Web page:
I really only discovered the love of reading as an adult. As a child I read for school but would rather be stitching at home. Now I have a very full notebook of books I need to read, overfull bookshelves and a coffee table that is often piled high with library books.
My family does not watch television so often all four of us will be reading in the lounge, the silence only interrupted when something interesting comes up in someone's book and it has to be read out to the others. Remotely Controlled by Dr Aric Sigman is a great book about how we are all affected by television. Our copy has been lent to many friends over the years.
My children's reading age is higher than their actual age. This meant that I spent some time reading teen fiction to access the content before they read it. This developed a love of John Green, an amazing writer. Will Grayson, Will Grayson and Looking for Alaska are now two of my favourite books. I still read teen fiction sometimes, but now my daughter is recommending them to me.
I love the design of book covers, I have multiple copies of Little Women and Lorna Doone with different covers. I have a feeling these collections will grow as I come across more versions in second-hand bookshops.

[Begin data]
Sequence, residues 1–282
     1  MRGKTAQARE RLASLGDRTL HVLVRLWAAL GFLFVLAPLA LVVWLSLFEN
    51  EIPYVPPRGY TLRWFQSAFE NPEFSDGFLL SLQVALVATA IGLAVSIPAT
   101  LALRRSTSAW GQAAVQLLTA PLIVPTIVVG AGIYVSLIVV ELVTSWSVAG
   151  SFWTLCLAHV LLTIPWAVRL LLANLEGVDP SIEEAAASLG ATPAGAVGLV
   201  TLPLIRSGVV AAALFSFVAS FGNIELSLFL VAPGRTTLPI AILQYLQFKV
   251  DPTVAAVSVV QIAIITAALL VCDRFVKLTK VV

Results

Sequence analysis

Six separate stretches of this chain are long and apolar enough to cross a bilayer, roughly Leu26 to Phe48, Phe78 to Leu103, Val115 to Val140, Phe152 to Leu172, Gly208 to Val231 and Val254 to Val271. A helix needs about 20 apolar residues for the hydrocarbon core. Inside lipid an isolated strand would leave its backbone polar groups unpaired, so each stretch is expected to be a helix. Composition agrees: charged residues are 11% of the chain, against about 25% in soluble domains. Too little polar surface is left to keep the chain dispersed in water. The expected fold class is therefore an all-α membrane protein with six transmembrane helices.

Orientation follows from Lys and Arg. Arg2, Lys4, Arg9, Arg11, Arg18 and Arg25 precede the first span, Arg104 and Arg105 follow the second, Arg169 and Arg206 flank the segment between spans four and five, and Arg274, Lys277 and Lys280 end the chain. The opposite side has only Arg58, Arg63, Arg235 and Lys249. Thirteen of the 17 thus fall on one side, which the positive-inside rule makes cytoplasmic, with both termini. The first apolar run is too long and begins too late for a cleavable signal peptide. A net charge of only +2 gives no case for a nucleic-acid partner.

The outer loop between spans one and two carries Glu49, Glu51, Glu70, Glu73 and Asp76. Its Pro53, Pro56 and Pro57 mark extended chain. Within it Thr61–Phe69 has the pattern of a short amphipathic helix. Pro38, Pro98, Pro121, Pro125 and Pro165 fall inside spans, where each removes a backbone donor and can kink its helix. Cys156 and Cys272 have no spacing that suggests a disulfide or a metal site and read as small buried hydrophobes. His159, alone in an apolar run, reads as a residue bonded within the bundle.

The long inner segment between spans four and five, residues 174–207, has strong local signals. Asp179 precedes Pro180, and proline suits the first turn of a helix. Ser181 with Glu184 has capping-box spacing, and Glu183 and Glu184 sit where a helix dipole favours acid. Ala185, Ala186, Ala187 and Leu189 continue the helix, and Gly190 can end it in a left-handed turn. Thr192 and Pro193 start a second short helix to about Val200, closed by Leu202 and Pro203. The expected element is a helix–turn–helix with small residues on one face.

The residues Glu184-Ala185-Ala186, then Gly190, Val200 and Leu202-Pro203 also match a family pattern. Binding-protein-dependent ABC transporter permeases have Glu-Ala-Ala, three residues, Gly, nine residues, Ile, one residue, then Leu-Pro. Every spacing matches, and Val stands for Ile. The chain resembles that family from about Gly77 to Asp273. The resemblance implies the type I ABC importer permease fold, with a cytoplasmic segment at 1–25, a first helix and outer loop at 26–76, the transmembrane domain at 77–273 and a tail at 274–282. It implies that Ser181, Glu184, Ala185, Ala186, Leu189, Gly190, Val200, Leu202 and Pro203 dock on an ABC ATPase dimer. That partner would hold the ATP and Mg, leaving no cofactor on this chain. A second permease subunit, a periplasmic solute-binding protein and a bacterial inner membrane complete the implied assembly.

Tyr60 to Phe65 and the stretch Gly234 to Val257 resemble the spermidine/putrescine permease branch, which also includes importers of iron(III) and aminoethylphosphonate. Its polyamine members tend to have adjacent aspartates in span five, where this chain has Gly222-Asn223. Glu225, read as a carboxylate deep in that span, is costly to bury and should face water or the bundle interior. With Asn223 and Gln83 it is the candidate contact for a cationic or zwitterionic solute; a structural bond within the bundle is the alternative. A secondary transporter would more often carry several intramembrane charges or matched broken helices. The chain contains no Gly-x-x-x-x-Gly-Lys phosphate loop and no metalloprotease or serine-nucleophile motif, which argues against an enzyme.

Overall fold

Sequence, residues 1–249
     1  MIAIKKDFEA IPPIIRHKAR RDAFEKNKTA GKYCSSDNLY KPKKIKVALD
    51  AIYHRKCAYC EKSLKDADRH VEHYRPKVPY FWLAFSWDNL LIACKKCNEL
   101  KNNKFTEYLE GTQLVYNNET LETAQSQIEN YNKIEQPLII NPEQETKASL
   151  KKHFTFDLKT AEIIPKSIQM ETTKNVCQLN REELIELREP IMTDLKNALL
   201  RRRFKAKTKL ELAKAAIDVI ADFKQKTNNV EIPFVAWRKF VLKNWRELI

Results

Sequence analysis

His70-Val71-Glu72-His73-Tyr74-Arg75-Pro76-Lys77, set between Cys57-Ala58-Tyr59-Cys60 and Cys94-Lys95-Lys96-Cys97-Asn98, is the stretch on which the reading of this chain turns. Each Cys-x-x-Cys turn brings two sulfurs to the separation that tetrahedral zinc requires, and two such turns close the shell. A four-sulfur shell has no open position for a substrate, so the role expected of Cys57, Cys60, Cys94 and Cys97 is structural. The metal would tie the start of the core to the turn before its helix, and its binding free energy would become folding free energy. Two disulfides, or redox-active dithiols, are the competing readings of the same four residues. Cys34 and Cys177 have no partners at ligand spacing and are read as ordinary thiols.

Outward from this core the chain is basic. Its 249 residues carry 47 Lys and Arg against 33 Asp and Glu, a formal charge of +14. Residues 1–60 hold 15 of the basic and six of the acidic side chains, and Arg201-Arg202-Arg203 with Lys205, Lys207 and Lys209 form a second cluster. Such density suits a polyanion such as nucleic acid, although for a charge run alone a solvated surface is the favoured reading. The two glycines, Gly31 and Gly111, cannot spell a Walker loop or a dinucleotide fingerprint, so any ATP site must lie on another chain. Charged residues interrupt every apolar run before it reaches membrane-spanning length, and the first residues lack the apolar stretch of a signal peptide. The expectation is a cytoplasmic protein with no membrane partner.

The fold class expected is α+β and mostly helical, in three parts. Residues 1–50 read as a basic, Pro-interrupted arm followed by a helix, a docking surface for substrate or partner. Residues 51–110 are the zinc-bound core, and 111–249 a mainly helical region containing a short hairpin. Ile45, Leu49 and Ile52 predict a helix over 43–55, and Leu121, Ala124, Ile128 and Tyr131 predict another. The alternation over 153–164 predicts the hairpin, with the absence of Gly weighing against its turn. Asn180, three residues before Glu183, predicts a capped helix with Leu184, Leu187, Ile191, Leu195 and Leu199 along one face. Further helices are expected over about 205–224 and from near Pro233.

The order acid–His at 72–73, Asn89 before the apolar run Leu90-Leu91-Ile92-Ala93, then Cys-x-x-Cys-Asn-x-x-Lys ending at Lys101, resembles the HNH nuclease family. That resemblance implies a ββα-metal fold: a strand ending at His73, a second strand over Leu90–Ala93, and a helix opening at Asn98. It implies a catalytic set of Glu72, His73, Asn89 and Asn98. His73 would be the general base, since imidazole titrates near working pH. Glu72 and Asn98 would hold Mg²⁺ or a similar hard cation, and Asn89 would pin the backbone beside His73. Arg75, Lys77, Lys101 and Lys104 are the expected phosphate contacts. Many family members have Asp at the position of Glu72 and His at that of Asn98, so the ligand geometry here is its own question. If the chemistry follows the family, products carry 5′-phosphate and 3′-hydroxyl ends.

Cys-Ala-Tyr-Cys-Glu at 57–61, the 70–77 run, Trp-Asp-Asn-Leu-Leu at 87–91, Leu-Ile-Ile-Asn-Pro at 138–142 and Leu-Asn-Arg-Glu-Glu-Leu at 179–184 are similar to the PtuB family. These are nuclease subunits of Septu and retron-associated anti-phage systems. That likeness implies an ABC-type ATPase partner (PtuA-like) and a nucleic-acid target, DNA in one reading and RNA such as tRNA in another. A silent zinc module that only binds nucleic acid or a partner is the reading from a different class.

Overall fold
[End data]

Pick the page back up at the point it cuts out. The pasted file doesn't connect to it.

Of course there are many embroidery books on the studio bookshelf. Creative Needlecraft by Lynette de Denne was one of my first books on how to stitch, little did I know when I got this book that I would make a career from embroidery.
Another book that gets moved from house to house is Metal Thread Embroidery by Jane Lemon. I was lucky enough to have lessons from Jane when I was training to be an embroiderer and this copy, purchased second hand, once belonged to another amazing embroiderer, Beryl Dean. Not only does this book have great information it also sparks many memories.
Pauline Burbidge is a fantastic quiltmaker from the UK, her book Quilt Studio is one that spends more time off the shelf being looked at than on it. Her work is constantly changing but you can still recognise that it is hers.
I have a love for textiles from other countries, I have a small collection, with pieces hung on the wall and books on the bookshelf. Traditional Indian Textiles by John Gillow and Nicholas Barnard was the first one I purchased and I am now lucky to call John a friend.
One of the oldest books on the shelf is called The Golden Reciter, prose and verse for reading and recitation. It belonged to an elderly lady that lived next to my family when I was a child. It is dated 1919 and when I see it I clearly remember this lady and the house she lived in. Books have an amazing power to hold memories.
Professional embroiderer Jo Dixey's first book, Stitch People (Bateman, $35) is available now.